Web Portfolios from both sides

The following is almost entirely opinion, and also a little bit tongue in cheek.

This week I was looking at some web portfolios, and would like to take a little bit of time to talk about them. I’ve found that web portfolios tend to fall into one of a few categories. I’ll call these categories “Michael Bay”, “I did my job”, “Content speaks for itself” and “The Beatles White Album”

I’ve had to make my own portfolio more than once, and I’ve also had to browse through other people’s portfolios for work. I think every portfolio can fall into one of these categories, and some have elements of more than one category. So here goes my explanation on each one:

Michael Bay

Also known as “over the top”. These are the portfolios I love to hate. And love. And hate. Portfolios like this are the kind that are so loaded with “cool” features and specials effects that I forget this is a portfolio. I even forget it’s a website. The over the top portfolios are an instant wow followed by immediate frustration and consternation, much like Michael Bay’s movies. Best not to ask too many questions. The problem I find with some of these is twofold. First, I sometimes can’t navigate them and find myself lost, looking for the door. Not good if I have the job of finding someone I need to hire. Secondly, the wow factor becomes so front-loaded that the work sometimes never gets updated, and sometimes doesn’t live up to the special effects presenting it.

I did my job…

This is the low effort version. This is the portfolio that screams to me “I don’t know how to make a website, so I bought a template and did nothing with it”. Which, depending on the job you’re looking for, may not entirely be a bad thing. Especially if the template is really well made to begin with. For example, if I’m looking for an awesome photographer, I really don’t care if they can design a website. I want to know if they can make pictures. However, if I was looking for a web designer this isn’t a good sign in my opinion.

Content speaks for itself

This is probably my most favorite portfolio type to work on or to browse. This is the portfolio that tends to strike the best balance between looking cool and being useful. I love when a portfolio’s design is good, but understated enough to make the work show through. Really, there isn’t much negative to say about this kind of portfolio, unless your trying to showcase your work as a master of web special effects. But even in that case, you can leave the special effects in the portfolio pieces themselves. The only downside to this portfolio is it seems to be the hardest to do well.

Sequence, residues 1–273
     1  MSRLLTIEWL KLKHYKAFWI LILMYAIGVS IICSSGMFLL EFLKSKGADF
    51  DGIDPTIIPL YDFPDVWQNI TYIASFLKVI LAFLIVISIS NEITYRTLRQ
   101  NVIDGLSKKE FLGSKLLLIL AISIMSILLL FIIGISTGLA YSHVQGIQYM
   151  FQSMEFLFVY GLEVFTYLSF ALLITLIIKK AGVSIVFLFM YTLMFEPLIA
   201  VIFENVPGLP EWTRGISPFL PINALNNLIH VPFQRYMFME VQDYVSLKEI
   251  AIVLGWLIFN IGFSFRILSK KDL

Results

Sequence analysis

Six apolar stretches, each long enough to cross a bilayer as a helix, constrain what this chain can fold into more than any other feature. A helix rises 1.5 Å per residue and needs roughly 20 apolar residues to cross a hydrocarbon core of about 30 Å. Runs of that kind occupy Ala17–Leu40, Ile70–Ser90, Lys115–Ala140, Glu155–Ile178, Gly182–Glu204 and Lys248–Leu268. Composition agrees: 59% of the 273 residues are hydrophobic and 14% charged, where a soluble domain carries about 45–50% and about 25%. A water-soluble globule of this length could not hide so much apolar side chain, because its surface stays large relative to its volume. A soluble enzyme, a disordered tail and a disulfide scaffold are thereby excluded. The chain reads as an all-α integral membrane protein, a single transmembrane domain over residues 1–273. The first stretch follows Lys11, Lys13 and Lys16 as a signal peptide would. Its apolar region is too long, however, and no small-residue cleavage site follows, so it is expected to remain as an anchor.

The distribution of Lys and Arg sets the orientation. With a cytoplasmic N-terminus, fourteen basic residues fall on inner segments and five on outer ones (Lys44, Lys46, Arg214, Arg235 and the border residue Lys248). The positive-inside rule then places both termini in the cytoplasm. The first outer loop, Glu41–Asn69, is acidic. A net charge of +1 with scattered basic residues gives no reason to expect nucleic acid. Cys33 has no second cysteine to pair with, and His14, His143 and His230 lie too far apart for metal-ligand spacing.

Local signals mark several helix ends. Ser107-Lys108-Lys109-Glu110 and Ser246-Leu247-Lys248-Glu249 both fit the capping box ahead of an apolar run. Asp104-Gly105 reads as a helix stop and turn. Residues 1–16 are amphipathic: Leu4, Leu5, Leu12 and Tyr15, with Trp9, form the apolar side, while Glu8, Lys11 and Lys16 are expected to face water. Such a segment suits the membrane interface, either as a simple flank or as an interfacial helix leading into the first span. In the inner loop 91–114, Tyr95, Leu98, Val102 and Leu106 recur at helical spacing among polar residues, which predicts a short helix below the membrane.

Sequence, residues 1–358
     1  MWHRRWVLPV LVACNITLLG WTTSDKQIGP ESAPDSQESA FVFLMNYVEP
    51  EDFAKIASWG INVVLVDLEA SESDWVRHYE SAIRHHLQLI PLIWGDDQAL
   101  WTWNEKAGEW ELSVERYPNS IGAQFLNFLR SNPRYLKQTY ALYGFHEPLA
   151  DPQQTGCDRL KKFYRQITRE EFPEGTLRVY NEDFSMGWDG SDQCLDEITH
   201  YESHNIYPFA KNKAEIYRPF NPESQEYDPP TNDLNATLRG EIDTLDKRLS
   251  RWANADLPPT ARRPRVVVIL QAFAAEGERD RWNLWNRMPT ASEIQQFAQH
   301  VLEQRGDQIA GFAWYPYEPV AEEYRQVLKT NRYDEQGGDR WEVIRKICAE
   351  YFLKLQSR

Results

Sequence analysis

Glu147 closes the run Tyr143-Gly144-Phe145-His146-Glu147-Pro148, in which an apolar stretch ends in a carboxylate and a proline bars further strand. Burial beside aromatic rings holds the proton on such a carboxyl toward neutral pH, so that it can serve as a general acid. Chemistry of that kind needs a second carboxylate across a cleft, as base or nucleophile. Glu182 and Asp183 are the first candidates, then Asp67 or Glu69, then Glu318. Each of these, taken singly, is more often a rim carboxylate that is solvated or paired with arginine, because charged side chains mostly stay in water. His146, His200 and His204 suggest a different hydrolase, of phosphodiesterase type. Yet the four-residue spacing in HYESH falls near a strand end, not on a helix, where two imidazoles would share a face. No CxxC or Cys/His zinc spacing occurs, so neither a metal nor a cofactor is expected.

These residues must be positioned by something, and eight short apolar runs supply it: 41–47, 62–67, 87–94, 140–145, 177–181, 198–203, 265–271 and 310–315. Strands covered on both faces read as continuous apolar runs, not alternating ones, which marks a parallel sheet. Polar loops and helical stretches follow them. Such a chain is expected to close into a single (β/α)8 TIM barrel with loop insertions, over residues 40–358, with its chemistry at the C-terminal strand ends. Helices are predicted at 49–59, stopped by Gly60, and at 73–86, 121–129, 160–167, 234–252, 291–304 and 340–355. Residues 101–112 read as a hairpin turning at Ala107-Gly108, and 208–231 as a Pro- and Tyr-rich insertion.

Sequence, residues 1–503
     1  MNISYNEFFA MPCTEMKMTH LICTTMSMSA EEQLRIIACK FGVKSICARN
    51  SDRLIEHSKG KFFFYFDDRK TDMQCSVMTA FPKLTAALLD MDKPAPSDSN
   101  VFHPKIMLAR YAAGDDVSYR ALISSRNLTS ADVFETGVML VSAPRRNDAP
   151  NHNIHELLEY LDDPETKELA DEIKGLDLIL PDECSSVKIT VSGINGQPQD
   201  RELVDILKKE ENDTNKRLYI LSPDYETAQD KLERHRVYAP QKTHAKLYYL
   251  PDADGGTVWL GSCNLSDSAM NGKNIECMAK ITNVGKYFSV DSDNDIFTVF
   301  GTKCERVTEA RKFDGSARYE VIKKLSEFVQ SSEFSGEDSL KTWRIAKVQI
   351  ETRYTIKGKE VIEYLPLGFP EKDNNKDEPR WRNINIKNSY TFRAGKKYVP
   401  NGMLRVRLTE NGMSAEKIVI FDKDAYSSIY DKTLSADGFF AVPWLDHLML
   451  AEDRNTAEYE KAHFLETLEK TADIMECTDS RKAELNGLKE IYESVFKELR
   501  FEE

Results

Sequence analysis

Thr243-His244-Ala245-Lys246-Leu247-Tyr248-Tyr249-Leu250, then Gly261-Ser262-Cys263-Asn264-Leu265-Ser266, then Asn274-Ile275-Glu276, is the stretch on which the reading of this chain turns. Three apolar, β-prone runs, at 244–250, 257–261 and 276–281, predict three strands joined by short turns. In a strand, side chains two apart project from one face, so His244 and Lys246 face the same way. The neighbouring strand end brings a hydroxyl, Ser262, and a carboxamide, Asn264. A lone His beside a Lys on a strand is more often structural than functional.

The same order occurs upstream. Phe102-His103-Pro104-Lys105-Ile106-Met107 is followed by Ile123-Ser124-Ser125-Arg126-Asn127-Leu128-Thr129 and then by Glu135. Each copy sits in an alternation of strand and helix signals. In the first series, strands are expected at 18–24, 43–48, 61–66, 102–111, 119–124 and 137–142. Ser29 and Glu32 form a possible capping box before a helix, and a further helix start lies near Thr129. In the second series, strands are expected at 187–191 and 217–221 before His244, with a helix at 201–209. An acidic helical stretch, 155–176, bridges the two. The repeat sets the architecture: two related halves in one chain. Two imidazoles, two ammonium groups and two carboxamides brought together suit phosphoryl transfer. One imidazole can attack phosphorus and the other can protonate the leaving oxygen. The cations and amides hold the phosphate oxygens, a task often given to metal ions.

The Beatles White Album

This guy. This one is also known as “I’m a pretentious artist” or “artsy”. It can take a couple of forms but often goes the route of “so minimal as to be effortless”. Don’t misunderstand. I like minimalism, and I think it often makes a great product. Minimalism in a portfolio can really help show off the content itself. However, some “artists” like to make a statement. “This is so minimal there’s nothing on it”. So basically nothing. I do appreciate thoughtful art. But sometimes I think it’s malarkey. Not always, but sometimes. I also think for that reason this portfolio can be mistaken for the “I did my job” approach. The difference, I think is that with the “I did my job”, it’s often a lack of effort rooted in thoughtlessness. The “White Album” on the other hand, is decidedly effortless. Someone made a great effort to do nothing.

until next time…

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jedgek

John is a developer, designer, and photographer.

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